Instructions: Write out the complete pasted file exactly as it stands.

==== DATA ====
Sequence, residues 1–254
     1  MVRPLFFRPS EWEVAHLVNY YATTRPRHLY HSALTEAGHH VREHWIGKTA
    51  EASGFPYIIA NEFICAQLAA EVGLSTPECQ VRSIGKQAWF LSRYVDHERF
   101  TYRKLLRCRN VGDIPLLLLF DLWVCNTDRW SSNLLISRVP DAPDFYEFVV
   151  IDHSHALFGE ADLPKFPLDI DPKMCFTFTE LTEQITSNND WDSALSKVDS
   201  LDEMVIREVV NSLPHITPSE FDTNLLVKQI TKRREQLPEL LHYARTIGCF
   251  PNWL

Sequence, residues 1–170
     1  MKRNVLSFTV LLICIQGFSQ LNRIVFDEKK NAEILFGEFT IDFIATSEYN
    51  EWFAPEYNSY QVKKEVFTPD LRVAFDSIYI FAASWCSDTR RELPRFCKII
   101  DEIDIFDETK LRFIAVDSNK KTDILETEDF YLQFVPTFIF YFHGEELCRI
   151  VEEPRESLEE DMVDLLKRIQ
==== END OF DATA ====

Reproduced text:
Sequence, residues 1–254
     1  MVRPLFFRPS EWEVAHLVNY YATTRPRHLY HSALTEAGHH VREHWIGKTA
    51  EASGFPYIIA NEFICAQLAA EVGLSTPECQ VRSIGKQAWF LSRYVDHERF
   101  TYRKLLRCRN VGDIPLLLLF DLWVCNTDRW SSNLLISRVP DAPDFYEFVV
   151  IDHSHALFGE ADLPKFPLDI DPKMCFTFTE LTEQITSNND WDSALSKVDS
   201  LDEMVIREVV NSLPHITPSE FDTNLLVKQI TKRREQLPEL LHYARTIGCF
   251  PNWL

Sequence, residues 1–170
     1  MKRNVLSFTV LLICIQGFSQ LNRIVFDEKK NAEILFGEFT IDFIATSEYN
    51  EWFAPEYNSY QVKKEVFTPD LRVAFDSIYI FAASWCSDTR RELPRFCKII
   101  DEIDIFDETK LRFIAVDSNK KTDILETEDF YLQFVPTFIF YFHGEELCRI
   151  VEEPRESLEE DMVDLLKRIQ